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House members also approved a bill that bars the state or local governments from placing a “substantial burden” on a person’s right to exercise their religion. Ballinger said the measure would, for example, protect a Muslim butcher who doesn’t want to work with pork or a Christian who doesn’t want to perform a same-sex wedding.
“This does not create a get out of jail free card,” Ballinger said. “You have to prove it truly is a legitimate deeply held religious belief.”
That legislation is patterned after the federal Religious Freedom Restoration Act of 1993. According to the National Conference of State Legislatures, 19 states have similar laws and 10 states are currently considering them.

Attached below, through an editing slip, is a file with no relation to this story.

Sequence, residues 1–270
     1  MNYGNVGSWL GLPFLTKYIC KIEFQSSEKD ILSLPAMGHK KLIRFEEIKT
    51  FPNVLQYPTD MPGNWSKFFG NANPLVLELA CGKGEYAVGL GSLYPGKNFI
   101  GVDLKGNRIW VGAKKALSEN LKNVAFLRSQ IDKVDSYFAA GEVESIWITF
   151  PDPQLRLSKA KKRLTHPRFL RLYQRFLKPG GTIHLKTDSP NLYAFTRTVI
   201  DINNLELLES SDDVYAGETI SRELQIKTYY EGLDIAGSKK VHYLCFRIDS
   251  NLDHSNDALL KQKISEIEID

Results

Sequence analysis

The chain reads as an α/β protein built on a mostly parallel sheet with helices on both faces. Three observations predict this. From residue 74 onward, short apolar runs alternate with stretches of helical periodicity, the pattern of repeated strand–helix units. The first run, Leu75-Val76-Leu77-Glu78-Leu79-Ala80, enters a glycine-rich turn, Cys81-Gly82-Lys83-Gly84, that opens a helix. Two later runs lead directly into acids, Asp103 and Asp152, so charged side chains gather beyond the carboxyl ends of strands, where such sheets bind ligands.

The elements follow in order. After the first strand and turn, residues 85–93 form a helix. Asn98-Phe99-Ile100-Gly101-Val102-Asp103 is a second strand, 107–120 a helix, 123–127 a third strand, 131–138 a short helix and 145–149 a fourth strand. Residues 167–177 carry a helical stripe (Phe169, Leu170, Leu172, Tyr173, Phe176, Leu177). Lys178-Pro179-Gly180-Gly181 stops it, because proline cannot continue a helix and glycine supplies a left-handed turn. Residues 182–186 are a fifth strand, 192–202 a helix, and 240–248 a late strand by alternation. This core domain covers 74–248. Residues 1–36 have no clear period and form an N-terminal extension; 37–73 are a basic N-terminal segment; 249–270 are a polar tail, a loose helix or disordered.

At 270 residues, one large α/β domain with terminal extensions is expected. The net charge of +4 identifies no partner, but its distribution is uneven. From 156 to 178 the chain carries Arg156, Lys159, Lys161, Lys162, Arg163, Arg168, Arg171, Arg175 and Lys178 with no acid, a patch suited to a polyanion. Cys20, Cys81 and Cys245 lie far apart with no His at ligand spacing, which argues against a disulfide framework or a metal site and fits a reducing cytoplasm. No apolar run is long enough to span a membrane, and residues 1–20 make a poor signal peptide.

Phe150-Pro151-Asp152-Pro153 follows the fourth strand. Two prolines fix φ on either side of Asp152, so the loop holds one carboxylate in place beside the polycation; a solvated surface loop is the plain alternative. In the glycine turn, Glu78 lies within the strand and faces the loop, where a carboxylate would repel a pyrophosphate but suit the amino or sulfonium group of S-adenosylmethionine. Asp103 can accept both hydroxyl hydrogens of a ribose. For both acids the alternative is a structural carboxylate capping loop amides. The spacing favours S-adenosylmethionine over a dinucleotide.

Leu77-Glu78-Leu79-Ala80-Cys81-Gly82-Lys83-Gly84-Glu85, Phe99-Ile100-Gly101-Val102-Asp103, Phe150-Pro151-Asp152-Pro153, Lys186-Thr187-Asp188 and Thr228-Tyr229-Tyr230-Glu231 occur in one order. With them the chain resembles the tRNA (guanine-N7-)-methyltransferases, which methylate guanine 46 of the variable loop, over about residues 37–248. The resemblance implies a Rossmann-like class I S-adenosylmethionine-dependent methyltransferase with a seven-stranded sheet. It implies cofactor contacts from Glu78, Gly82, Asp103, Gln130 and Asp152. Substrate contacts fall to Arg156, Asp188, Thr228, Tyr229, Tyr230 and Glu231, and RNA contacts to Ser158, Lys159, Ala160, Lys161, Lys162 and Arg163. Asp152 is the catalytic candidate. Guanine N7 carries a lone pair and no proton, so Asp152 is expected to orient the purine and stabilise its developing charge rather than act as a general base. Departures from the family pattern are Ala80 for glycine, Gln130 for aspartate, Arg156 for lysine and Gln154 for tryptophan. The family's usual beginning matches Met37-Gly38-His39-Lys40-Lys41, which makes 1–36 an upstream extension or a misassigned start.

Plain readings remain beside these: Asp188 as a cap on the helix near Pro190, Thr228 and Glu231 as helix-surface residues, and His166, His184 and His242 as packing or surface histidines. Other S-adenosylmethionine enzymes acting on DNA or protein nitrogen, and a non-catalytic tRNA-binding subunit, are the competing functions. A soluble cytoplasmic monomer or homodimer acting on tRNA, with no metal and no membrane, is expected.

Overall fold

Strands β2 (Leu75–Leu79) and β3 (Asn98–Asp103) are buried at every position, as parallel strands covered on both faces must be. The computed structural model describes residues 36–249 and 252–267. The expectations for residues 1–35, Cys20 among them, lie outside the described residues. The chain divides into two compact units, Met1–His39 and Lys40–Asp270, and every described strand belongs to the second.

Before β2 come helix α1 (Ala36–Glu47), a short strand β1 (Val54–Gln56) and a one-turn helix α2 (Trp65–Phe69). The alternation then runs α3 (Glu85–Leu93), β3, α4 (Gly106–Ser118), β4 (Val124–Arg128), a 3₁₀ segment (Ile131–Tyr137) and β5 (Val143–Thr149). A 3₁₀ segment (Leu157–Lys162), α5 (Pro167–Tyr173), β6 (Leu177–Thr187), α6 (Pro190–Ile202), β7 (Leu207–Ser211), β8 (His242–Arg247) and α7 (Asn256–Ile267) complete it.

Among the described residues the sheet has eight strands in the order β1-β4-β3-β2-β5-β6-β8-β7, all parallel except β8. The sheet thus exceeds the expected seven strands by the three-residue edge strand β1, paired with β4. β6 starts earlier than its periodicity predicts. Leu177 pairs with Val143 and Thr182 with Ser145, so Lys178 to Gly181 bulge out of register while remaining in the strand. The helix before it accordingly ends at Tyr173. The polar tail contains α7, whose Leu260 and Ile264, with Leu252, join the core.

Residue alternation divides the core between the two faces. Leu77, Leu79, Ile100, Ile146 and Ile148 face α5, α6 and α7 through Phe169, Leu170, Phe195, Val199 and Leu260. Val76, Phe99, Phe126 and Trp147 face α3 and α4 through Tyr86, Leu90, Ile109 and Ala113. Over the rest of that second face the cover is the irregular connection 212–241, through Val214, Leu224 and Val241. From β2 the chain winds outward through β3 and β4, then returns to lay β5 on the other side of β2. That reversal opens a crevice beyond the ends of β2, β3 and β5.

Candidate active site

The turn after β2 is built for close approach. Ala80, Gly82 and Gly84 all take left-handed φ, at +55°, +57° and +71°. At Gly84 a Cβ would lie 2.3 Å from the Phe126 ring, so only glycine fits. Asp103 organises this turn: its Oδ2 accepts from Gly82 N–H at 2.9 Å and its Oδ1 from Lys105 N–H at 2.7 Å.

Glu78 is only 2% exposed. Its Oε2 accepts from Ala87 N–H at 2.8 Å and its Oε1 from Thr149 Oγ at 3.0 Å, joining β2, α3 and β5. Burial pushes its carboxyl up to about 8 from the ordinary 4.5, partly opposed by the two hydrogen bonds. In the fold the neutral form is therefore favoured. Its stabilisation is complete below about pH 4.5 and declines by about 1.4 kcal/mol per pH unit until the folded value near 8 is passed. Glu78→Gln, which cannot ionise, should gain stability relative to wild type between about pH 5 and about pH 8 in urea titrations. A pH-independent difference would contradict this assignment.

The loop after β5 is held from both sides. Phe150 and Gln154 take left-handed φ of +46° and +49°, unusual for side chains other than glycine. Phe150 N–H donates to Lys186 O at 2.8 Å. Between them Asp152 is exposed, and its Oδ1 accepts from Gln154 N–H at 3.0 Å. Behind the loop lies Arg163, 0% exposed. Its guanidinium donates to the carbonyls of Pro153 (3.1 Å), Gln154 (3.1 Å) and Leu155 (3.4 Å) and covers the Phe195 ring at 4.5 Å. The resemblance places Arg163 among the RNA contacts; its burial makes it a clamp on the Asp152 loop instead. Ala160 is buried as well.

Article continues belowThe authors of both bills approved Friday by the Arkansas House said they were inspired to change state law after the Fayetteville City Council in August made it illegal to discriminate against a person based on sexual orientation or gender identity. City voters overturned that rule in December.
Eureka Springs rushed through a similar ordinance on Monday, but it would be negated when the state law takes effect.
Rita Sklar, executive director of the Arkansas American Civil Liberties Union, said the bills passed Friday promote discrimination and will harm the state economy.
“Talented people are not going to want to move to a place with such laws,” Sklar said.
Developing story. This report will be updated.
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